New world wine makers are set to take on the status quo with more than just the contents of their bottles - the tops are also undergoing a revolution. Dave Robertson reports on why a group of winemakers in the Clare Valley in South Australia have turned their backs on the traditional cork in favour of the screw cap.

Risking a snobbish backlash from punters, a group of Australian winemakers has just been joined by a group of New Zealanders in taking a plunge with screw caps, or stelvins as they are also called. And those involved believe they are trailblazing a path that will shortly be followed by the major wine makers.

Jeff Grosset, owner of Grosset Wines in the Clare Valley, moved 80% of its 9000 case production to screw caps

A loose association of thirty Kiwi winemakers officially launched their screw cap bottles on earlier this month and have appointed a local master of wine to sell the idea internationally.

"We risked a lot doing this but it has paid off," says Jeff Grosset, owner of Grosset Wines in the Clare Valley, which moved 80% of its 9000 case production to screw caps. Grosset's Rieslings are rated among the best in Australia and continue to get rave reviews, particularly among Sydney's sophisticated restaurant crowd.

"If we waited for the larger players to go ahead nothing would ever happen. They are advised by marketing people who say the public isn't ready," he adds.

Southcorp, which makes Australia's premium Penfolds range, admits it is not considering a change from traditional cork. It did offer UK consumers a limited run with screw caps with a questionnaire attached but the responses were not favourable and the issue is not under consideration.

2000 Dry Riesling

The New Zealanders believe that their excellence in Sauvignon Blanc and Riesling will benefit from moving to caps because even a small amount of cork tainting can influence the quality of these wines.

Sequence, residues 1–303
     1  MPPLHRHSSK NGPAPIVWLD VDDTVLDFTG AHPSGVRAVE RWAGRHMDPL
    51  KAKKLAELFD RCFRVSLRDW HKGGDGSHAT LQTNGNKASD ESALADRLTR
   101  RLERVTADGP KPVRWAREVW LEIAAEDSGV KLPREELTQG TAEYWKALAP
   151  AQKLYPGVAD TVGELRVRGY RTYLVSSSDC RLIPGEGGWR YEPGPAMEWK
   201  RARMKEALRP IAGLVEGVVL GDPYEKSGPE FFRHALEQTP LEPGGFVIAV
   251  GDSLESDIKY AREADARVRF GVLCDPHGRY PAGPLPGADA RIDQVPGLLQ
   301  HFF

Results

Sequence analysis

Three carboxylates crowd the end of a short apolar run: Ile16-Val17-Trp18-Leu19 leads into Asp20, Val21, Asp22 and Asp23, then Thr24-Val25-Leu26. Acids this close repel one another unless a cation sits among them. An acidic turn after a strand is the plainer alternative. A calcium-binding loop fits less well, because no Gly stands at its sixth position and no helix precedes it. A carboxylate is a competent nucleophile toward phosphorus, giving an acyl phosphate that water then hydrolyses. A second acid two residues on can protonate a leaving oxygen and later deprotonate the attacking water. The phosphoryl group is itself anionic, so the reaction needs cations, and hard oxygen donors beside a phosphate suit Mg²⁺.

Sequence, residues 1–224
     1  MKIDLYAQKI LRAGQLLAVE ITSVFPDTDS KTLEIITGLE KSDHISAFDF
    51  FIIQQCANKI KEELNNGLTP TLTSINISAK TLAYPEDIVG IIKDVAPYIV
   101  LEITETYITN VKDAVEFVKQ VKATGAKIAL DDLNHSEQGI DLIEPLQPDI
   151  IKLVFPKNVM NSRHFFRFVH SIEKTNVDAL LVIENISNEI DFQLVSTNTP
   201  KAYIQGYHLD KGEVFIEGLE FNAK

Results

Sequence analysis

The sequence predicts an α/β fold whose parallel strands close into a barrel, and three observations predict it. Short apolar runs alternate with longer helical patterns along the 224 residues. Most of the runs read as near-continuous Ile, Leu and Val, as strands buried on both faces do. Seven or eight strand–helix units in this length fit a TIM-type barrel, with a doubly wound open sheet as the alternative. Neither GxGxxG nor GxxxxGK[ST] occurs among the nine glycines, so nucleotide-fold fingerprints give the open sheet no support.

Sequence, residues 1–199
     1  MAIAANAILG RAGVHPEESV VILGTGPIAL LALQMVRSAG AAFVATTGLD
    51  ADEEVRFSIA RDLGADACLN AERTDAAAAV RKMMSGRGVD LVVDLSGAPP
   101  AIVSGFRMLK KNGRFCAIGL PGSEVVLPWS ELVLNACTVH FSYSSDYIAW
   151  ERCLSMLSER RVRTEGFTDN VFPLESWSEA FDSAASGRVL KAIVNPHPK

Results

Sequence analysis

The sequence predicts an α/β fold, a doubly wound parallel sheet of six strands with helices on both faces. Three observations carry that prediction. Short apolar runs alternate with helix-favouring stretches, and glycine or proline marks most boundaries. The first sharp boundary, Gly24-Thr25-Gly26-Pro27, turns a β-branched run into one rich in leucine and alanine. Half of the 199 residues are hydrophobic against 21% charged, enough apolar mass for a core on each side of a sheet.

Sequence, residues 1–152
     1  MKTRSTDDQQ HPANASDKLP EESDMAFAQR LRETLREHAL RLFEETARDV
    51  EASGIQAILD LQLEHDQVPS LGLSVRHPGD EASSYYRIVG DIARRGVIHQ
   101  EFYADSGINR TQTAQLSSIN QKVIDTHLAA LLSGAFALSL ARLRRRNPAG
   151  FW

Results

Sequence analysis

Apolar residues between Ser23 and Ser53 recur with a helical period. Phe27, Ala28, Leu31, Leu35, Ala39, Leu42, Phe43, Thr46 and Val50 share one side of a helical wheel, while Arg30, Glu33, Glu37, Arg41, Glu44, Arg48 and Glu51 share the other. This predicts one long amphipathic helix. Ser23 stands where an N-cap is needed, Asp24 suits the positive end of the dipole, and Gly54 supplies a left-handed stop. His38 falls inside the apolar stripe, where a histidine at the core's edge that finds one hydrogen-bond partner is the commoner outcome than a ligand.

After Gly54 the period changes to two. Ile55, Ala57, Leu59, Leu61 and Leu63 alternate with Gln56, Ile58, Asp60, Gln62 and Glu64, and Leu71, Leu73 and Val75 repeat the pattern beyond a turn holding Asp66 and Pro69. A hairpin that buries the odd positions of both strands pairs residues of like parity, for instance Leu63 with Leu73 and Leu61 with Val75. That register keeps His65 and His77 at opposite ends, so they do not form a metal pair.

The first premium winemaker to move to the stelvin top was Kim Crawford of Marlborough who released his 2000 Dry Riesling this month. Others include Lawson's Dry Hills, Jackson Estate and Forrest Estate.

The Australian Wine Research Institute released results last month that show that caps are the best way to stopper a bottle. The institute took a standard A$14 (US$7) Semillon wine from South Australia and bottled it in 1999 with 14 different types of stopper.

Scientists then used a range of criteria to test the effectiveness of the stoppers. The three main tests were tainting, extraction force and sulphur dioxide retention.

Tainting is the main reason alternatives have been developed. Corked wine is believed to affect about 5% of all bottles and occurs when microorganisms in the natural cork combine with chemicals in the wine to produce a foul smell and taste.

But the most important criteria turned out to be sulphur dioxide and ascorbic acid levels as these are vital elements in giving wine its distinctive taste. As SO2 is lost the wine suffers "browning" and oxidation.

So although many consumers are still not ready for the change science is on the side of the screw cap.

The results are easy to read but for legal reasons the Institute will not grade the 14 stoppers. Natural cork performed about average in extraction and SO2 retention but suffers from losing one bottle in 20 through tainting.

Technical corks, a mix of synthetic and natural cork like a Champagne stopper, performed better while fully synthetic corks performed well in SO2 retention and, being rubber, suffered no tainting. But they are the hardest to remove from the bottle.

The shock winner was the screw cap, which was easy to get off, retained the most SO2 and had virtually no tainting - miniscule levels of a rubber-like aroma were detected.

"If wine makers are looking at ultimate freshness and eliminating tainting you'd chose the screw cap"
Peter Godden

The study will continue for another ten years but already the results have interested many in the wine industry.

"We've been overwhelmed with calls from all over the world," said Peter Godden, who is leading the project.

"If wine makers are looking at ultimate freshness and eliminating tainting you'd chose the screw cap. There is a perception issue with the cap as 20 or 30 years ago they were used on low price wines and fortified wines so there is a perception that the cap is only good for this level of quality."

But wine experts believe that the snobbishness that might prevent many people buying a screw cap will alter as soon as top reviewers start backing the change.

"Wine does collect a snob value as people think they are connoisseurs and that's why they're against caps. But most aren't confident of their views so when one of the big name wine reviewers like [American] Robert Parker says its okay it'll take off," says Andrew Caillard, director of Langtons Fine Wine Auctions in Sydney.